Choice of Entity (Part I): Common Concerns and a Comparison

July 6, 2011
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It is a common recommendation for new business owners to think closely about the type of business entity that is most appropriate for their new enterprises.  The various business entities have different applicable rules and there is no one business form that is appropriate for everyone.

Major Concerns of Business Owners

When deciding on a business entity type, the main concerns that most business owners have concern:

  • Protection from liability;
  • Paying as little in taxes as possible;
  • Keeping control of the business; and
  • Ease of setup.

Most people who start a business are mainly concerned with the start-up costs, marketing, gaining business, setting up normal procedures, etc., and not about what happens in case of incapacity or a death.  This perspective is quite logical because most businesses start out having very little value or even have a negative value.

However, the longer the business stays afloat and the bigger the business becomes, there comes a point where ignoring the estate planning consequences of the selected entity can create very significant problems for the owner’s spouse and family if something tragic happens.  For example, what if anyone of the following is involved in the owner’s personal life:

  • The owner has no children interested in taking over the business;
  • Some of the owner’s children are interested in running the business and others are not;
  • The owner has a second spouse and children from the first marriage;
  • The owner’s children are “idiots”, and key employees don’t want to cater to them until they become smart;
  • Et cetera, et cetera, et cetera.

There are certainly effective strategies for each of these possibilities, but first, we must provide some basics.  The chart below covers the main characteristics of the most common business entities.  Immediately thereafter, we’ll further elaborate on a few of the terms used therein.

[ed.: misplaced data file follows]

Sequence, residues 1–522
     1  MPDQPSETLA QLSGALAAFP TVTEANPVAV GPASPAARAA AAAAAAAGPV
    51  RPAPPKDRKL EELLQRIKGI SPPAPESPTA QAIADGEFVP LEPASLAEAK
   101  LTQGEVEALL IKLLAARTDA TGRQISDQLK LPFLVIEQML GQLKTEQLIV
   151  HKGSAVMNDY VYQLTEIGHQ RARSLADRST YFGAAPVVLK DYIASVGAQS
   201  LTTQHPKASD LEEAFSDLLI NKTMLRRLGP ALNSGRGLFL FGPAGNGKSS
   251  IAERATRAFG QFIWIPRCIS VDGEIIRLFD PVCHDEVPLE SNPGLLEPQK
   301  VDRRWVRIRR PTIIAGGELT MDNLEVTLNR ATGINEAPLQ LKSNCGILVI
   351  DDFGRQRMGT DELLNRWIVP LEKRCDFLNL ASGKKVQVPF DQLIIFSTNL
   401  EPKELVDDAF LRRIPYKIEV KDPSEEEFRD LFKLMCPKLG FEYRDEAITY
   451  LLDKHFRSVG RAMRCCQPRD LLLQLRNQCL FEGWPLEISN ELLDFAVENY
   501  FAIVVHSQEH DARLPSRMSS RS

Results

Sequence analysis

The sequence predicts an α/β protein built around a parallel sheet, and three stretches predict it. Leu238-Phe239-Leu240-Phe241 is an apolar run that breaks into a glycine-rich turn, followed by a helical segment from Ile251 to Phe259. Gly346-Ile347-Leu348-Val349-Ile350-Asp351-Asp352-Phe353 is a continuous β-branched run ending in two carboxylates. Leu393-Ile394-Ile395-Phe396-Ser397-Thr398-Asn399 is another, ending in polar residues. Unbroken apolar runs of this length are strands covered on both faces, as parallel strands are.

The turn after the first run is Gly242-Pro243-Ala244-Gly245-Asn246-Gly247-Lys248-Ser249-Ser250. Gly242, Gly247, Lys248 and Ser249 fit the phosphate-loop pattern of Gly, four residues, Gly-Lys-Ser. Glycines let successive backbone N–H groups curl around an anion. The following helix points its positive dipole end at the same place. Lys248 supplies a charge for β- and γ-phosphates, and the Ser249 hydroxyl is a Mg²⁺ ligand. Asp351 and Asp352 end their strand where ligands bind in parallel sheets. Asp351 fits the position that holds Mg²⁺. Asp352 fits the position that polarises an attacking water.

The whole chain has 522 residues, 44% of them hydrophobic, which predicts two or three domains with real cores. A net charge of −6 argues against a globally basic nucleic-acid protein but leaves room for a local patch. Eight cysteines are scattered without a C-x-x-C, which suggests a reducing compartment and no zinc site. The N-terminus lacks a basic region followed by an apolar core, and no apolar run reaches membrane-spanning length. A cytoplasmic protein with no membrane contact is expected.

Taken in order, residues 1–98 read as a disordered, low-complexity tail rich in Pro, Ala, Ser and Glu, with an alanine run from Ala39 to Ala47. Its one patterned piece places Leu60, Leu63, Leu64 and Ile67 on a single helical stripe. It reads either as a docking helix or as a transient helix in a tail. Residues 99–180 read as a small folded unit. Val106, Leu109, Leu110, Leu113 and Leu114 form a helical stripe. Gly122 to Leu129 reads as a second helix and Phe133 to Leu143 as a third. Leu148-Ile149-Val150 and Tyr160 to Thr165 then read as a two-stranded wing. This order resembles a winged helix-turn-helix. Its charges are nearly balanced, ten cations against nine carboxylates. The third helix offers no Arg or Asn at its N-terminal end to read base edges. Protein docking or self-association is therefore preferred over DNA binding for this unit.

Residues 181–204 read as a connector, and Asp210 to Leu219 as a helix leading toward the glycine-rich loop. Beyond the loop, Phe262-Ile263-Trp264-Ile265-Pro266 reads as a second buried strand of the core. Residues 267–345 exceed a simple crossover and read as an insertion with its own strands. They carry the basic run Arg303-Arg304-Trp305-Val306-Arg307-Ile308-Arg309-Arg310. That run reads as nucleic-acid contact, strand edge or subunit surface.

The Most Common Business Entities

ENTITYLiability TaxationControlFormality of Setup
SOLE PROPRIETORSHIPUnlimitedFlows through to ownerSole owner controlsEasiest
GENERAL PARTNERSHIPUnlimitedFlows through to ownersMainly in equal shares for each partnerEasy, but filing with state is usually recommended
LIMITED PARTNERSHIPUnlimited for general partner, and limited for limited partnerFlows through to ownersGeneral partner controls, regardless of percentage ownershipMust file with state, usually need formal partnership agreement to do so
C CORPORATIONLimitedDouble taxationMajority of shareholders controlMany specific requirements
S CORPORATIONLimitedFlows through to owner(s)Majority of shareholders controlSame as C Corp, plus organization must meet additional requirements to be able to elect S Corp status
LIMITED LIABILITY CORPORATIONLimitedFlows through to owner(s) unless elected otherwiseManager-members control, regardless of percentage ownershipMuch less than for C and S corporations

Further Clarifications of Chart Terms

 

Liability Column:

  • Limited:  Owners that have limited liability are only liable for business obligations up to the level of their individual investment.
  • Unlimited:  Owners with unlimited liability are also liable for all of the obligations of the business.

Taxation Column:

  • Flows Through to Owner(s):  Any profit or loss in the business is declared on the owners’ individual tax returns.  The entity itself owes no taxes.
  • Double Taxation:  The business profits are taxed at the corporate rate.  Then, any remaining income paid to owners (usually in the form of dividends) is taxed at their individual rates.
  • Flows Through Unless Elected Otherwise:  The LLC owners may choose how they are to be taxed.

Control Column:

  • Regardless of Percentage Ownership:  Control is based on the position held rather than how much of the business is owned.  For example, in limited partnerships, a general partner can own 1% of the business and still control it.
  • Majority of Shareholders Control:  When voting occurs, each share is voted.  The majority of the shares wins.  Owners holding a majority of the shares will automatically control the business.

In our next post, we will provide an example of a small business enterprise and give some rationale behind why it might select each of the six listed entities at various times.

 Choice of Entity (Part I): Common Concerns and a Comparison
 Choice of Entity (Part I): Common Concerns and a Comparison

Scott

Scott R. Zucker, Esq. is the owner of The Zucker Law Firm PLLC, located just outside the Capital Beltway in Annandale, within five miles of the City of Fairfax, the county seat of beautiful Fairfax County, Virginia. The firm focuses mainly on estate planning services for Virginia, Maryland and Pennsylvania clientele, and seeks to do so in an affordable and approachable way. People interested in learning more can contact Scott by phone or email.

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